The curious position of the Krupp firm in the awful story developing around us is not quite sufficiently grasped. There is a kind of academic clarity of definition which does not see the proportions of things for which everything falls within a definition, and nothing ever breaks beyond it. To this type of mind (which is valuable when set to its special and narrow work) there is no such thing as an exception that proves the rule. If I vote for confiscating some usurer’s millions I am doing, they say, precisely what I should be doing if I took pennies out of a blind man’s hat. They are both denials of the principle of private property, and are equally right and equally wrong, according to our view of that principle. I should find a great many distinctions to draw in such a matter. First, I should say that taking a usurer’s money by proper authority is not robbery, but recovery of stolen goods. Second, I should say that even if there were no such thing as personal property, there would still be such a thing as personal dignity, and different modes of robbery would diminish it in very different ways. Similarly, there is a truth, but only a half-truth, in the saying that all modern Powers alike rely on the Capitalist and make war on the lines of Capitalism. It is true, and it is disgraceful. But it is not equally true and equally disgraceful. It is not true that Montenegro is as much ruled by financiers as Prussia, just as it is not true that as many men in the Kaiserstrasse, in Berlin, wear long knives in their belts as wear them in the neighbourhood of the Black Mountain. It is not true that every peasant from one of the old Russian communes is the immediate servant of a rich man, as is every employee of Mr. Rockefeller. It is as false as the statement that no poor people in America can read or write. There is an element of Capitalism in all modern countries, as there is an element of illiteracy in all modern countries. There are some who think that the number of our fellow-citizens who can sign their names ought to comfort us for the extreme fewness of those who have anything in the bank to sign it for, but I am not one of these.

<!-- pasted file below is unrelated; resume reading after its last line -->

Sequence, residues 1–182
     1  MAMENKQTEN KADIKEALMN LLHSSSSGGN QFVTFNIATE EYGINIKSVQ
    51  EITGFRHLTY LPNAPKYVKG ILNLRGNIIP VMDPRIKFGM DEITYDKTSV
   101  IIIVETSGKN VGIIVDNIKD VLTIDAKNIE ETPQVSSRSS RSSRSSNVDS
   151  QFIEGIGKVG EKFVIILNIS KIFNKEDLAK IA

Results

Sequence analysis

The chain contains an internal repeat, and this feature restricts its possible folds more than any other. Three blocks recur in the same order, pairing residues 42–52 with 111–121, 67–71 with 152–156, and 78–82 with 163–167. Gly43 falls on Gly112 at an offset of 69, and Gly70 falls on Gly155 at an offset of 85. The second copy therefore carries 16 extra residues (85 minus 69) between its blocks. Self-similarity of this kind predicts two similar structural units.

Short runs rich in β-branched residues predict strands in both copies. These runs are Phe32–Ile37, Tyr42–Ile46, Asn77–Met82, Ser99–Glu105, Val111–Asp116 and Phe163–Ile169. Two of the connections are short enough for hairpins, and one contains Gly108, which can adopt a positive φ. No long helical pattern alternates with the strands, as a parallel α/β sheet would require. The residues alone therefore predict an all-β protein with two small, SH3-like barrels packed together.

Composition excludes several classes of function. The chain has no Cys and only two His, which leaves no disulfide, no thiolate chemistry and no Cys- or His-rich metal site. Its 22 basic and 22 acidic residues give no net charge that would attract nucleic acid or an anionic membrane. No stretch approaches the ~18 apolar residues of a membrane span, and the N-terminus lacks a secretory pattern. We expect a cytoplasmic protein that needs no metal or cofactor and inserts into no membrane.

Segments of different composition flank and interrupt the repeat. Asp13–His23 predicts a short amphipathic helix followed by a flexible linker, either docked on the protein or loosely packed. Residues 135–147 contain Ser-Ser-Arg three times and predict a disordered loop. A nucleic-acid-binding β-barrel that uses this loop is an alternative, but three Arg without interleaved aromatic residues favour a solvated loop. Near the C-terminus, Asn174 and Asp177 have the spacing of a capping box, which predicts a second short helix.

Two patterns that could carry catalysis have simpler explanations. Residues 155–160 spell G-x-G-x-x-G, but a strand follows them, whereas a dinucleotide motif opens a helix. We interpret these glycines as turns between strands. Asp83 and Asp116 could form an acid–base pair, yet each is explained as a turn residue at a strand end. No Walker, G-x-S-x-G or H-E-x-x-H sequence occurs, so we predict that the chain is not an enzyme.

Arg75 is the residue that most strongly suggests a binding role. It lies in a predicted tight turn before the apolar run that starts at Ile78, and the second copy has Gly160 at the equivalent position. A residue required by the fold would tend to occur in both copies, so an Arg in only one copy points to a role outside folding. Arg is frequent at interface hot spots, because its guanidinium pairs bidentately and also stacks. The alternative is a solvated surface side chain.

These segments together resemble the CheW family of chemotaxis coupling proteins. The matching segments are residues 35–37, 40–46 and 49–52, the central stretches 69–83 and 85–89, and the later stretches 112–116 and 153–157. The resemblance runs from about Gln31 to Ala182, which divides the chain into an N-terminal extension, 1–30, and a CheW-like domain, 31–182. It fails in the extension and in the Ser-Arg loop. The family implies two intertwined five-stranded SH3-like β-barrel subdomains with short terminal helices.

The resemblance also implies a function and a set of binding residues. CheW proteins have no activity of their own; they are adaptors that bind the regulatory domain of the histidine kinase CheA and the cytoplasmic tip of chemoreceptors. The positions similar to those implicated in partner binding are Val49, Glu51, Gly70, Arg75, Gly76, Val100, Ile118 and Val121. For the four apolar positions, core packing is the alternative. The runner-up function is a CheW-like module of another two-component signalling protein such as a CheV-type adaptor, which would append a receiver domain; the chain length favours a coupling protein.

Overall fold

In any case, the position of Krupp has certain interesting aspects. When we talk of Army contractors as among the base but active actualities of war, we commonly mean that while the contractor benefits by the war, the war, on the whole, rather suffers by the contractor. We regard this unsoldierly middleman with disgust, or great anger, or contemptuous acquiescence, or commercial dread and silence, according to our personal position and character. But we nowhere think of him as having anything to do with fighting in the final sense. Those worthy and wealthy persons who employ women’s labour at a few shillings a week do not do it to obtain the best clothes for the soldiers, but to make a sufficient profit on the worst. The only argument is whether such clothes are just good enough for the soldiers, or are too bad for anybody or anything. We tolerate the contractor, or we do not tolerate him; but no one admires him especially, and certainly no one gives him any credit for any success in the war. Confessedly or unconfessedly we knock his profits, not only off what goes to the taxpayer, but what goes to the soldier. We know the Army will not fight any better, at least, because the clothes they wear were stitched by wretched women who could hardly see; or because their boots were made by harassed helots, who never had time to think. In war-time it is very widely confessed that Capitalism is not a good way of ruling a patriotic or self-respecting people, and all sorts of other things, from strict State organisation to quite casual personal charity, are hastily substituted for it. It is recognised that the “great employer,” nine times out of ten, is no more than the schoolboy or the page who pilfers tarts and sweets from the dishes as they go up and down. How angry one is with him depends on temperament, on the stage of the dinner–also on the number of tarts.